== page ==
Don’t let your PCs be Gandalf. Don’t make your PCs into Gandalf. Don’t let their Gandalfs be Gandalfs.
There, I’ve thoroughly confused you but perhaps launched a new buzz-phrase in the tabletop roleplaying space. “Why Gandalf; what’s the beef?” I hear you ask. Well let me tell you about Gandalf, and you can see how long it takes me to bring you anywhere near the D&D atmosphere.
The dark lord has nine. But we have one, mightier than they: the white rider. He has passed through the fire and abyss, and they shall fear him. We will go where he leads.
Gandalf is a Maiar in the world of Arda. He is essentially an angel sent to Middle-earth by the Valar, the all-powerful creators of the world. He and 4 others descend into Middle-earth, in the guise of old men, to help the Children of Ilúvatar (AKA Men and Elves) and to prevent the Dark Powers from rising and taking over the land, which was definitely not part of the plan/Ainulindalë. Two of these ‘wizards’, as they are known by denizens of Middle-earth, bugger off from the get-go and are never heard of again. Saruman, well, you know what happens to him. Radagast the Brown does what he can but that’s not much once it gets to 16:20 and so Gandalf is left to do the job himself.
Gandalf has power beyond any living creature in Middle-earth, apart from Sauron (someone of equal celestial rank to the wizards) and perhaps the Balrogs (the most powerful surviving servants of Morgoth, Sauron’s Valar to his Maiar). He is either celebrated as a hero, saviour and symbol of hope, or he is a meddling, bothersome, Machiavellian warmonger.
Does his position now start to sound a little…Dungeons and Dragon-y?
Running Curse of Strahd, as I am right now and have been doing for 9 months, I get the sense that my players definitely are detached from the people of Barovia in the same way Gandalf is from those of Middle-earth. He may care and like some of them a great deal, and he does want to defeat the Evil and return the status quo, but he isn’t one of them. He has not suffered as they have, or felt as helpless. He is extremely kind and loves all the Children of Ilúvatar (Men and Elves (and technically Hobbits)), but his power is thus that he is impossible to relate to, and unable to relate to them. Whether he succeeds or not in his grand role, he will leave Middle-earth and never return. Just like the PCs in Barovia.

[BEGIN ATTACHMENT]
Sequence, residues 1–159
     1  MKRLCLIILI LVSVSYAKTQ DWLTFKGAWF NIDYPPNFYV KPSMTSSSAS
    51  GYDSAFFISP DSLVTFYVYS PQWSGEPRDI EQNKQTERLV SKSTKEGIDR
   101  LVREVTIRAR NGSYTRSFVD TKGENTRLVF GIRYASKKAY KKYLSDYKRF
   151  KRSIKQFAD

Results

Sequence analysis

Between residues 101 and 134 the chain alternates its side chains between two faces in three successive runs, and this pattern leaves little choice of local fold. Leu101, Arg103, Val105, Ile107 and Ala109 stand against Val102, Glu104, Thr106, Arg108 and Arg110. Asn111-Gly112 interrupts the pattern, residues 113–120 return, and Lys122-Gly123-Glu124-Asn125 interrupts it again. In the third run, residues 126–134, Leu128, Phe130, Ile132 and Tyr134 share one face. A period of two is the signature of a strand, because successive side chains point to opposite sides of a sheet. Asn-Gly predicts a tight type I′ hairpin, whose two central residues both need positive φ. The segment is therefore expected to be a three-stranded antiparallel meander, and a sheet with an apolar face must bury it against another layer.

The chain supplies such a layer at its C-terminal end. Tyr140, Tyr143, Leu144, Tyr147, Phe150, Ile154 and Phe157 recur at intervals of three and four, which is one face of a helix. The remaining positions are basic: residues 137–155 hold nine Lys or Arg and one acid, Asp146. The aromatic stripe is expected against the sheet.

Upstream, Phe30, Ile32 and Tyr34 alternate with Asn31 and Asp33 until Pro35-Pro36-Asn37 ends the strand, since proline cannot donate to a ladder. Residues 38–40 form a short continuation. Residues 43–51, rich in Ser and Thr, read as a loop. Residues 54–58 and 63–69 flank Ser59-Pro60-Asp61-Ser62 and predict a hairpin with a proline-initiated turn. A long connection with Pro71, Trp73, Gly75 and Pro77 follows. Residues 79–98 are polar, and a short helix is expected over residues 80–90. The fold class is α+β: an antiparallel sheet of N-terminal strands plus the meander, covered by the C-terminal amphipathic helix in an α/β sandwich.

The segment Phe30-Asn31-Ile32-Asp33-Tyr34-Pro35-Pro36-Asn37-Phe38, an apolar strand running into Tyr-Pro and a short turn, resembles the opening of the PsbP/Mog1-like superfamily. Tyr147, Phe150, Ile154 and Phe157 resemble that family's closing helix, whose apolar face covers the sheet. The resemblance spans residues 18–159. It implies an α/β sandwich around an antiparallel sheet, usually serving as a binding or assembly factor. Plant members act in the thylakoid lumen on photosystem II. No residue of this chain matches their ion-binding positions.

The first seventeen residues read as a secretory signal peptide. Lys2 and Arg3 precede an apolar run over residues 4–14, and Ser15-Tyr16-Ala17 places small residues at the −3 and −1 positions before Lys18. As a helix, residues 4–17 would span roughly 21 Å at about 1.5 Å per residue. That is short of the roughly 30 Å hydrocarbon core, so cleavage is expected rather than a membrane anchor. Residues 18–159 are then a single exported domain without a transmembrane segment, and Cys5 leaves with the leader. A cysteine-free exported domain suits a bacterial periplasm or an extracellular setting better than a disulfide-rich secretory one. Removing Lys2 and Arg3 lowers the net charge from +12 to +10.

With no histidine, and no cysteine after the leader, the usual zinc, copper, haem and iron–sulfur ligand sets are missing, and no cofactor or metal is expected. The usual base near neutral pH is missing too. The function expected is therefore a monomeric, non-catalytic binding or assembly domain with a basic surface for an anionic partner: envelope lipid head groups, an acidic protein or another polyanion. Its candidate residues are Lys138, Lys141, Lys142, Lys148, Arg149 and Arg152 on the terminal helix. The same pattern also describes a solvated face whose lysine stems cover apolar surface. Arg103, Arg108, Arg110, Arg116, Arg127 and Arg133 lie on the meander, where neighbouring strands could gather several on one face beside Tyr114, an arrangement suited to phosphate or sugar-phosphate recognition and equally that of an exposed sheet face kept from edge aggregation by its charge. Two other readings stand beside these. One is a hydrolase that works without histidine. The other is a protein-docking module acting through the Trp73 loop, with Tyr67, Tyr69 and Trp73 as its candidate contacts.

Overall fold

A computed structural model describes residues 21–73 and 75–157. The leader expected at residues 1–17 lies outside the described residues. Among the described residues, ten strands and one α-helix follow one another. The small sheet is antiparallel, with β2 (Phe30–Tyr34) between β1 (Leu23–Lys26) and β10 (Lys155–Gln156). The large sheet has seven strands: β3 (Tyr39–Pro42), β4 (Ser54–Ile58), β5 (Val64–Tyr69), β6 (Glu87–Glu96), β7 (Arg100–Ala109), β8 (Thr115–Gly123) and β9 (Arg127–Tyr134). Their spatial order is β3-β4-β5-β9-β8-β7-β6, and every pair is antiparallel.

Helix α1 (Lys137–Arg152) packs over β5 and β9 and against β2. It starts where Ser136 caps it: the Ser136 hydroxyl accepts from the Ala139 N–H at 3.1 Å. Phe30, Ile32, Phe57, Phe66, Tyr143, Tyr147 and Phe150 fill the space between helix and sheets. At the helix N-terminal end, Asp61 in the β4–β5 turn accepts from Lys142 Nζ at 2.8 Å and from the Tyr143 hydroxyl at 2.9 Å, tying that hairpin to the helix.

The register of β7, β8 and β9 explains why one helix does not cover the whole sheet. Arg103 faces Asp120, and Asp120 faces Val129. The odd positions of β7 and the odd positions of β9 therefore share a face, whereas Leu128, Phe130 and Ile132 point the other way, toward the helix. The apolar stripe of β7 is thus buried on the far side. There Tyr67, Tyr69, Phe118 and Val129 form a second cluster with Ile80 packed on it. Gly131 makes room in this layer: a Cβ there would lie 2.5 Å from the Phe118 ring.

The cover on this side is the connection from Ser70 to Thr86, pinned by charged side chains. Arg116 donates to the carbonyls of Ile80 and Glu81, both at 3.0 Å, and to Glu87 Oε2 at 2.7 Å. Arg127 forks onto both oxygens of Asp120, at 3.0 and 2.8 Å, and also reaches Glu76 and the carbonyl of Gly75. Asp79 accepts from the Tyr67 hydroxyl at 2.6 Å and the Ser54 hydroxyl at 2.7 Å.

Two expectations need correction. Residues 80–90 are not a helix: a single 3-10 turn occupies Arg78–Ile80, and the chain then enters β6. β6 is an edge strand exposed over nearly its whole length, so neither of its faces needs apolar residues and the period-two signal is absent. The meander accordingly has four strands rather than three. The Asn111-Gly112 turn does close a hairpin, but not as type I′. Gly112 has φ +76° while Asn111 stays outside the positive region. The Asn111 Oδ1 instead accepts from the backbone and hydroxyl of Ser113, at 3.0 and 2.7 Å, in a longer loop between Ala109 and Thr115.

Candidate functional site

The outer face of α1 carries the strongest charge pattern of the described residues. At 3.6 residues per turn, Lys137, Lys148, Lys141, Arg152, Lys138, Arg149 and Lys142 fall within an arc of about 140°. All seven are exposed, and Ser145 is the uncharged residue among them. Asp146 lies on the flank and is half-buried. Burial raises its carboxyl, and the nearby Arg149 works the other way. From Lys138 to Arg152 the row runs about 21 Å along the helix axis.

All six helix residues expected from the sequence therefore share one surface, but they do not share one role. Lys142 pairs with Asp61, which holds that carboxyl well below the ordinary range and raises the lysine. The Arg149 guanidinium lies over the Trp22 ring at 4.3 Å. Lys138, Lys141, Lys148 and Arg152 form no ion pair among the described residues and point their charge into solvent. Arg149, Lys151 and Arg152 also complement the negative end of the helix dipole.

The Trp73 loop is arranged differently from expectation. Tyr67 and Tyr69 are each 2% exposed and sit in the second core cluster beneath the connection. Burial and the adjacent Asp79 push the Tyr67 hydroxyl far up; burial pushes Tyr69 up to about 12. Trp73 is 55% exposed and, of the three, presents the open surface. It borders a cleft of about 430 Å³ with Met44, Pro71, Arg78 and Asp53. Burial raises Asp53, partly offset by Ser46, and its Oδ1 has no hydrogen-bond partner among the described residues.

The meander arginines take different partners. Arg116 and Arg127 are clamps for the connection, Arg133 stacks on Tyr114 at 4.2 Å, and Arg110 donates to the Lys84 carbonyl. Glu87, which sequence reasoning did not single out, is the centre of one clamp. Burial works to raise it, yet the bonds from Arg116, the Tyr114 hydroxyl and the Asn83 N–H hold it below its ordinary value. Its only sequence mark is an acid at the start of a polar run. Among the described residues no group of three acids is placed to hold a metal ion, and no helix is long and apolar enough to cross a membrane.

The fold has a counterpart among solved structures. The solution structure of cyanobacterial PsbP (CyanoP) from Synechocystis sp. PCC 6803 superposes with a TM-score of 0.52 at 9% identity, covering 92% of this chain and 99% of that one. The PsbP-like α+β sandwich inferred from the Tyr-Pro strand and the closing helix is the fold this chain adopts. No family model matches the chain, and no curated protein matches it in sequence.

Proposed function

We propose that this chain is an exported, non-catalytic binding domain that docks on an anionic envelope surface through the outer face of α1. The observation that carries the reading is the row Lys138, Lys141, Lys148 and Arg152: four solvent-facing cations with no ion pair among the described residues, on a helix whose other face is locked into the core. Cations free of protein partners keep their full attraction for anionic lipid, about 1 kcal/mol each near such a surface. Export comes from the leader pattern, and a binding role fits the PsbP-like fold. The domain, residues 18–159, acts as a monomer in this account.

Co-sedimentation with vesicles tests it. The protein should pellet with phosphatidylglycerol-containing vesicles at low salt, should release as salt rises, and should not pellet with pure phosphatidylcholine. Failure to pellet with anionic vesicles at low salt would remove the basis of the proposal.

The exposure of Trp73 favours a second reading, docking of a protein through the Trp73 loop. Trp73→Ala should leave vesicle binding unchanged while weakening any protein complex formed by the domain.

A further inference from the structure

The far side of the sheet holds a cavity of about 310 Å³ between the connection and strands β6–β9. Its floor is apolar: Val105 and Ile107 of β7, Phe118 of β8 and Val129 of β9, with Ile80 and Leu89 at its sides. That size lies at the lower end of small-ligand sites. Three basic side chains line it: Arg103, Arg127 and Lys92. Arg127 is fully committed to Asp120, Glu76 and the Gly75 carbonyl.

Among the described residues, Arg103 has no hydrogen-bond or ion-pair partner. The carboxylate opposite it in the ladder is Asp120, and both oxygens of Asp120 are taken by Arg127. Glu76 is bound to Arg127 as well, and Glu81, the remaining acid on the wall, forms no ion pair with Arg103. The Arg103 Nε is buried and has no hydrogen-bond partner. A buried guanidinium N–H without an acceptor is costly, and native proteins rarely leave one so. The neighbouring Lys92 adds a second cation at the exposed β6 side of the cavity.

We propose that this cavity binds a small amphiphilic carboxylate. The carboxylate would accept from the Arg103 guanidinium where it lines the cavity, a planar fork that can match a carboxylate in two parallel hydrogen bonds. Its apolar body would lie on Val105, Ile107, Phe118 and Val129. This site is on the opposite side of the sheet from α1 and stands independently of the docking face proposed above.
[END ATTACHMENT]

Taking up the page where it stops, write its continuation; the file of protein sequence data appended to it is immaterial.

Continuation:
And that’s ultimately a shame. I’m not sure why Curse of Strahd specifically wants the players to be from outside of Barovia, and only guests of the dark plane. I know why it makes sense to the game: players can have a life before and after the adventure which is important to folks in the Adventure League, and it gives the players this Gandalf-esque aloofness and power that is synonymous with traditional roleplay characters. The misery and lack of hope many Barovians feel is not echoed within the players at all – they’re probably there for a week, tops. It would’ve been interesting to let the players grow up in the shadow of Castle Ravenloft, to understand and empathise with the people of the land, and for the fight against Strahd to be very personal.
In other words, let the players be Aragorn and Frodo, AKA the main characters, rather than the deus ex machina. It’s really difficult to create a bond between the PCs and the world and it’s NPCs when all contact is fleeting and squeezed in between mandatory combat encounters. There’s no reason to defeat Strahd other than “it’s their job as adventurers” or “he taunted them a bunch of times and they’re pissed off”. There’s always been an NPC or two in the party for most of the campaign and they’re mostly forgotten about until the combat starts and they’re in the initiative order. And I’m sure that’s how Gandalf thinks of the rest of the fellowship.
What I’m getting at, is that if the players were part of the world, that would draw them in from Session 0. You’re not a travelling bard who happened to get trapped in Barovia with some other people, you’re one of the many people who want to get rid of Strahd, who suddenly meets like-minded people and has a ‘call to adventure’. This is where Gandalf figure comes in. Rictavio or Ezmerelda (the fabled vampire hunters roaming about) or whoever recruits you and sends you on a mission, and before you know it you’re wrapped up in this massive adventure to save the land. Otherwise you get this aloofness that is fine if you’re dungeon-delving, but not for getting emotionally invested in the story and the campaign. Rictavio or Ezmerelda are just kind of…there. They’re powerful beings in their own right – the Elrond and Legolas, if you will – but Gandalf is better, and can do this with or without them, and doesn’t really need their help.
So in conclusion, don’t let your PCs be Gandalf. Tie them into the world from the get-go. Don’t let them be the powerful characters who arrive, save the day, and leave, making enemies and allies on the way but it’s okay now because the good guys are on top again and the sun is shining. Maybe if they were born in Barovia, maybe they’d think Strahd was the good guy after all, who knows? I don’t think a good campaign is made up of the players arriving, saving those, defeating that, job’s a good-un, now off on my nice white boat into the sunset.
Don’t let your PCs be Gandalf. And I do hope that becomes one of the oft-repeated tips in roleplaying circles going forward.